Eunomia Launches New Recycling Carbon Index
Eunomia’s latest Carbon Index Report shows that, compared with the previous year 2012/13 saw a 3% decrease in the amount of CO2 equivalent (CO2e) emissions saved through local authority recycling in England and Wales. Northern Ireland’s performance has improved by one per cent.
The reduced benefit comes despite a small rise of 0.2% in recycling rate in England over the same period, and is caused by a marked decline in the amount of textiles and metal collected. These materials have high levels of embodied carbon and energy and the fall in their captures outweighs the gains from increased recycling of food and plastics.
The reduction in the carbon benefit from municipal recycling sheds new light on the implications of the plateauing of raw recycling rate performance for England at around 43% in recent years. The European Commission has recommended that the statutory recycling rate for municipal waste should rise to 70% by 2030, but under current policies the CO2e performance of recycling schemes in England appears to be moving in the wrong direction.
Despite the overall decrease, some authorities managed to achieve significant improvements in their results. The top performers in England in 2012/13 were Cheshire West and Chester, moving just ahead of last year’s leaders, North Somerset. In Wales, Powys achieved the highest saving. These three have the distinction of being the only councils covered by the index that saved more than 100kg of CO2e per person within their area. This is achieved without the authorities being top performers on recycling rates.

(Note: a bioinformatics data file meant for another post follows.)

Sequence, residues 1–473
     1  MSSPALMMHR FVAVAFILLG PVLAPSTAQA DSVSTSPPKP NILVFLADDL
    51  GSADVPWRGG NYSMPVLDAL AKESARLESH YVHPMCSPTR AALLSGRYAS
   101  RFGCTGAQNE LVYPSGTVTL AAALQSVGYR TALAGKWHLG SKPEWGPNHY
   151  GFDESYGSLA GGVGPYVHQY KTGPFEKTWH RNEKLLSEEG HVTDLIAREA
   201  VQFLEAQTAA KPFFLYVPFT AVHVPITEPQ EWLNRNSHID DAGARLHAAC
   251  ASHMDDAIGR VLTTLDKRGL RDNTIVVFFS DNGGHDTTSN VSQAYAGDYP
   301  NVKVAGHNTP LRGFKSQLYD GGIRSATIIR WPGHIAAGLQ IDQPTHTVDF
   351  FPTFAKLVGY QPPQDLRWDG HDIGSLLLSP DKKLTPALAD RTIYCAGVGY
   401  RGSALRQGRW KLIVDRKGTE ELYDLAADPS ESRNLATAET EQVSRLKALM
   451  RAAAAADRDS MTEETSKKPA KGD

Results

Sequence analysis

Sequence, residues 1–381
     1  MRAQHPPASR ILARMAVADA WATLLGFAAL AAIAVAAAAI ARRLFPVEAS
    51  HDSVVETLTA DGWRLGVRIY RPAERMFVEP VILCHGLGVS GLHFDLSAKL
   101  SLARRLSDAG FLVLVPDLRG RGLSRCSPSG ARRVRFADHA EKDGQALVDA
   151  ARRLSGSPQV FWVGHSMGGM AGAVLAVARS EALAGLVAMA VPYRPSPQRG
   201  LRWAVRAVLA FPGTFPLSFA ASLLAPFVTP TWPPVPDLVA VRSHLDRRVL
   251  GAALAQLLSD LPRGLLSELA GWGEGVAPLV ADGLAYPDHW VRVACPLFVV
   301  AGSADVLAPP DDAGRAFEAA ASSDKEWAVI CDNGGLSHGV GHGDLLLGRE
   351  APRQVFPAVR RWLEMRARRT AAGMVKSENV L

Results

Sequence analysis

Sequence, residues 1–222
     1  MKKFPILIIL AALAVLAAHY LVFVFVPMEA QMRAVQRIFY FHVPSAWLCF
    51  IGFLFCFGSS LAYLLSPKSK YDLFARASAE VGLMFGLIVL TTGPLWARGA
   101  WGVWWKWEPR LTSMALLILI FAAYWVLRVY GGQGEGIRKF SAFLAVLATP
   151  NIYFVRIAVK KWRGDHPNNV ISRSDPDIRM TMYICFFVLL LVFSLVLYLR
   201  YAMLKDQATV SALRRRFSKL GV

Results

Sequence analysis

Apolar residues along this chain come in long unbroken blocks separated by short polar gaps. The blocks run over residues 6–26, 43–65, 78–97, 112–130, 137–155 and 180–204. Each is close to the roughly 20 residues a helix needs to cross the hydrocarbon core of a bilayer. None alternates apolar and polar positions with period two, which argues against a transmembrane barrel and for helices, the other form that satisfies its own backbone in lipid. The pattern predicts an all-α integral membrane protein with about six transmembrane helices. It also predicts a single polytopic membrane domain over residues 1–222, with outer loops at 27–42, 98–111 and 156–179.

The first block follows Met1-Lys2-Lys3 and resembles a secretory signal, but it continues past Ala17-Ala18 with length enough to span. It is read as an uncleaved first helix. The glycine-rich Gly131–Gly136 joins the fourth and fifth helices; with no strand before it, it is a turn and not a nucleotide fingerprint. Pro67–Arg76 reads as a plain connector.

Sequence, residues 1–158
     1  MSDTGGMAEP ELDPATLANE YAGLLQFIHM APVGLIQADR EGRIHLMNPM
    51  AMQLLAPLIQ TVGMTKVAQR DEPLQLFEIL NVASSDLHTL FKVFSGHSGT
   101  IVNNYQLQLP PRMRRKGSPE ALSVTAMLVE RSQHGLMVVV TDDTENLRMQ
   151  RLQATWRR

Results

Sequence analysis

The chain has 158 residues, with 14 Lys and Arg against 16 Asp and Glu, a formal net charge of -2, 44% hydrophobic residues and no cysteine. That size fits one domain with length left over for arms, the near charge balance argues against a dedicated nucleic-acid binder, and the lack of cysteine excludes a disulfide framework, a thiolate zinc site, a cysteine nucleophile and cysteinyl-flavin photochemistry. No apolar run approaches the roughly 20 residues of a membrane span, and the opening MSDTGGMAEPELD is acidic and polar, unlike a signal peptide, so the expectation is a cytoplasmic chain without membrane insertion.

|CO2e Saved (kg per person) 2011/12||CO2e Saved (kg per person) 2012/13||Recycling Rate 2012/13|
|Cheshire West and Chester||98||105||56.1%|
|Isle of Anglesey||102||96||55.2%|
Many of the authorities achieving the lowest CO2e savings are in inner cities, especially Central London.
Eunomia’s Local Authority Recycling Carbon Index is an alternative measure of the environmental performance of councils’ waste and recycling services. Now in its second year, the Carbon Index supplements statistics on recycling rates by showing the CO2e savings that result from councils’ recycling efforts, giving a greater insight into the wider environmental performance of councils’ waste management services.
James Fulford, Director at Eunomia, said:
“The reduction in carbon benefit from household recycling in England and Wales between 2011/12 and 2012/13 highlights the importance of considering the full environmental impacts of recycling services. It is encouraging that despite the changing composition of the recycling being collected, some authorities have managed to make impressive improvements. We need efficient collection services that effectively maximise environmental performance. The report and online tool will help waste managers to identify good practice and understand how they may need to focus their efforts to improve the environmental performance of their own services.”